Although this sounds like a somewhat horrifying story (because it kind of is one), it was still fascinating to me as a psychological study of the characters. I like stories where you put characters into some weird or difficult situation like this one, and then see what they do.

The Deal Me In short story challenge is hosted by Jay at Bibliophilopolis.

Sunday, May 17, 2015

Deal Me In, Week 20: "Today Will Be a Quiet Day" by Amy Hempel

This week the seven of clubs dealt me a story by Amy Hempel, an author with whom I was not familiar, but who is critically acclaimed for her stories. Doubtless some of my Deal Me In comrades have read some of Hempel's stuff and will chime in with their thoughts on this story. As is the case with the suit of clubs, this story came from The Best American Short Stories 1986, and it was first published in The Missouri Review.


"Today Will Be a Quiet Day" is one of those stories where you know something is going on underneath the events of the story, and the characters are trying their best to act normal, but they are not quite succeeding. The gist of the story, which is quite short, is that a father has decided to spend the day with his daughter and son on an outing. (As I understand it, none of Amy Hempel's characters have names.) There's some allusion to a friend of the son's who committed suicide a year ago, and there's no mention or evidence of a mother, but otherwise this is a family that appears normal. However, I could not shake the nagging feeling that the characters were all covering up something, perhaps something painful. I think this because each of the characters was constantly wisecracking throughout the entire story. And while this made for a very entertaining story on one level, it immediately made me think that something was wrong. The wisecracking was almost manic in its intensity and rapidity, which is often a sign of deeper problems.

Little by little things come out, traumatic things that the characters barely speak of, such as the family dog that had to be put down for biting a little girl. The daughter in the story dreams of running away and changing her name, but we don't know why. And back home after their outing (which, by the way, we also never get any real sense of why the father felt compelled to cancel his kids' music lessons and take them out for the day), the three bed down in sleeping bags in the master bedroom. Why do they all feel the need to sleep in the same room? Is the mother's absence the elephant in the room, so to speak? Lots of unanswered questions in this story. As the title suggests, today IS a quiet day, but it's quiet because of what's not being said.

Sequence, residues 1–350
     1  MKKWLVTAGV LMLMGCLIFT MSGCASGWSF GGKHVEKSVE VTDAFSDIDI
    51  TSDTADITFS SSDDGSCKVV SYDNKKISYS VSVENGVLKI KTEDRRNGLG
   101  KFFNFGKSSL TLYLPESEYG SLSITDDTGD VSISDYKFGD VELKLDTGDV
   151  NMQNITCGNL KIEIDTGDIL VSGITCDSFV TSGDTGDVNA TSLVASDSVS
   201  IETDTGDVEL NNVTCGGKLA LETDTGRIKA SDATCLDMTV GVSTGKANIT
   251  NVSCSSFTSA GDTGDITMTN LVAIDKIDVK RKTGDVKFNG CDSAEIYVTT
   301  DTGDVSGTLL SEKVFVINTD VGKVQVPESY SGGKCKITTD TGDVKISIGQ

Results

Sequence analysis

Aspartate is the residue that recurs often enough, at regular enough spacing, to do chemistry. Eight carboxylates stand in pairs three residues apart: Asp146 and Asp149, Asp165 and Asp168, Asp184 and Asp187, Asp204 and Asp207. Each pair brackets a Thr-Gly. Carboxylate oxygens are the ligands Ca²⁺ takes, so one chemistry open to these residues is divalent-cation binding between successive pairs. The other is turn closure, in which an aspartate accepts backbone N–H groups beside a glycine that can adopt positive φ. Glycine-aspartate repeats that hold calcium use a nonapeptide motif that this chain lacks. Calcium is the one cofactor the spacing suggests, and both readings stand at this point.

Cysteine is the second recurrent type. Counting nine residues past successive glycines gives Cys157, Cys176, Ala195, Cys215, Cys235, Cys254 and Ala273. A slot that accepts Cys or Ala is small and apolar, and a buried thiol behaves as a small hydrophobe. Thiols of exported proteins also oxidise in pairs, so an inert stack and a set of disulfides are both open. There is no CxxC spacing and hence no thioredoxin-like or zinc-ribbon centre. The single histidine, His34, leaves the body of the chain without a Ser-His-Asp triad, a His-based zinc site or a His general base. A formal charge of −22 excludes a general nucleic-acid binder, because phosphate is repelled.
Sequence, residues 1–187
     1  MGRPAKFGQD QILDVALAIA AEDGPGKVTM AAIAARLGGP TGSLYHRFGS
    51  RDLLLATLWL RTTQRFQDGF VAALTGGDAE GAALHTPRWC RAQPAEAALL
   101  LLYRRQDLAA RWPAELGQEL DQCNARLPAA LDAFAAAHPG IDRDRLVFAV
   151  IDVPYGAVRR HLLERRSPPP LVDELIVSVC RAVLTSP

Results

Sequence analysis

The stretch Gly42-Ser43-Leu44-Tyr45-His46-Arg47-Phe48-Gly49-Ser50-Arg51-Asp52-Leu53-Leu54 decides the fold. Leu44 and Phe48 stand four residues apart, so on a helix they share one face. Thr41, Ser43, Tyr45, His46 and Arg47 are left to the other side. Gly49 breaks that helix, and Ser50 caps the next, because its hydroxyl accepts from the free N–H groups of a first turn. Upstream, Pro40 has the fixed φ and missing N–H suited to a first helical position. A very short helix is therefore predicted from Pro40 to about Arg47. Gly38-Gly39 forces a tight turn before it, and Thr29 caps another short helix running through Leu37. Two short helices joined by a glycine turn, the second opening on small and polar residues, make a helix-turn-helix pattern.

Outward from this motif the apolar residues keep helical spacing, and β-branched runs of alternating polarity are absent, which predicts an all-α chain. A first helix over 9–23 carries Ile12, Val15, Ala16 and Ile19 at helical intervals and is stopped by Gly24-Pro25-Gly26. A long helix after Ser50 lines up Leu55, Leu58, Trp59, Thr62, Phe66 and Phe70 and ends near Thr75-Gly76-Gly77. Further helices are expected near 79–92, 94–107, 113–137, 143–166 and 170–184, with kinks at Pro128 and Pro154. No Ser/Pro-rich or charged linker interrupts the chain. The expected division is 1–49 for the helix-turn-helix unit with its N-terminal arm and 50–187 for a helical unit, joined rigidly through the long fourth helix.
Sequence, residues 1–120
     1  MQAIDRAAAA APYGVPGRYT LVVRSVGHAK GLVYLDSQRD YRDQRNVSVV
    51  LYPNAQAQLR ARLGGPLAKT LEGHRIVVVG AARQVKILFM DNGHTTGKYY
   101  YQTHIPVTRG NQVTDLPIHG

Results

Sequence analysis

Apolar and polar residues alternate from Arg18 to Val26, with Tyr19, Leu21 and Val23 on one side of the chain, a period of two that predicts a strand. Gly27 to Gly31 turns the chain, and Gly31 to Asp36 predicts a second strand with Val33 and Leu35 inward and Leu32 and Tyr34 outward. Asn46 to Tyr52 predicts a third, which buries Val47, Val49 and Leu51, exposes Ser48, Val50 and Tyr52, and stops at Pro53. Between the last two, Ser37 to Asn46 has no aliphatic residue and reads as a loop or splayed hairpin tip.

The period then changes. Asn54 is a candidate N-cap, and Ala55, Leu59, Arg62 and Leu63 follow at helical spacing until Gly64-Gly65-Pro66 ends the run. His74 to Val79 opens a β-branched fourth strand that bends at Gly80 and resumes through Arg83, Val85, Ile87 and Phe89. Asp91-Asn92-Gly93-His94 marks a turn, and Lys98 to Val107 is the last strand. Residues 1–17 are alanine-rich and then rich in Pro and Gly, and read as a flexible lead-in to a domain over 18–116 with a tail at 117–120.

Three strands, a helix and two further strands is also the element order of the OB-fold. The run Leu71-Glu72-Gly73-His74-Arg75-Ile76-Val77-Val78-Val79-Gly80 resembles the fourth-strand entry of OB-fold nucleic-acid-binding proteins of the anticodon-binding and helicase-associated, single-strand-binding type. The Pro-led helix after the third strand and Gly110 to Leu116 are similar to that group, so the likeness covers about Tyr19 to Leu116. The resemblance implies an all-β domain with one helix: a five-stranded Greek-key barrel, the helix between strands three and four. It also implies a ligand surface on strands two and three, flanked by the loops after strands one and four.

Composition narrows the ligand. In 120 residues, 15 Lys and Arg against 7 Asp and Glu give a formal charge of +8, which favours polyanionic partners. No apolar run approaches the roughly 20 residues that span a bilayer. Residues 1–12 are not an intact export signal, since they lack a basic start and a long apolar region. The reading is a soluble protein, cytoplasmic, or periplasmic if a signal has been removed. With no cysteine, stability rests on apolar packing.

Despite sounding rather ambivalent about this story, I did enjoy it, and I would like to read more of Amy Hempel's stuff.

The Deal Me In short story challenge is hosted by Jay at Bibliophilopolis.

Sunday, May 10, 2015

Deal Me In, Week 19: "The German Refugee" by Bernard Malamud

Back in December of last year, Katherine (of The Writerly Reader) and Dale (of Mirror with Clouds) both recommended that I read "The German Refugee" by Bernard Malamud. This story can be found in The Best American Stories 1964. So I assigned it to the 2 of spades, and this week, the story's number came up, as it were.


And what a powerful and affecting story it was! The plot is relatively simple. The story takes place in the years before World War II. Martin Goldberg, a college student in New York, earns money by teaching English to European refugees who have fled from Hitler. He earns a dollar an hour, and his clients in this endeavor, oddly enough, are world-famous economists, historians, and film stars. They just need some help with their English.

One of Martin's students is Oskar Gassner, a critic and journalist recently emigrated from Berlin. He left his wife behind because he fears she is a Nazi sympathizer. So he's all alone in New York, with a new job as a lecturer at the Institute for Public Studies. He can communicate in English, but he's nowhere near fluent enough in it to be a lecturer. So this is where Martin comes in, and Martin soon realizes that not only does Oskar need English tutoring, but he needs confidence-building. He's demoralized by everything that has brought him to this moment, and Martin's job is to help him through his lecture-writing block. If I were to boil this story down to its simplest elements, it is essentially a Pygmalion story. By hard work and support and friendship, he produces a beautiful work of art in the Oskar who finally writes a masterful lecture and delivers it to the Institute in almost flawless English.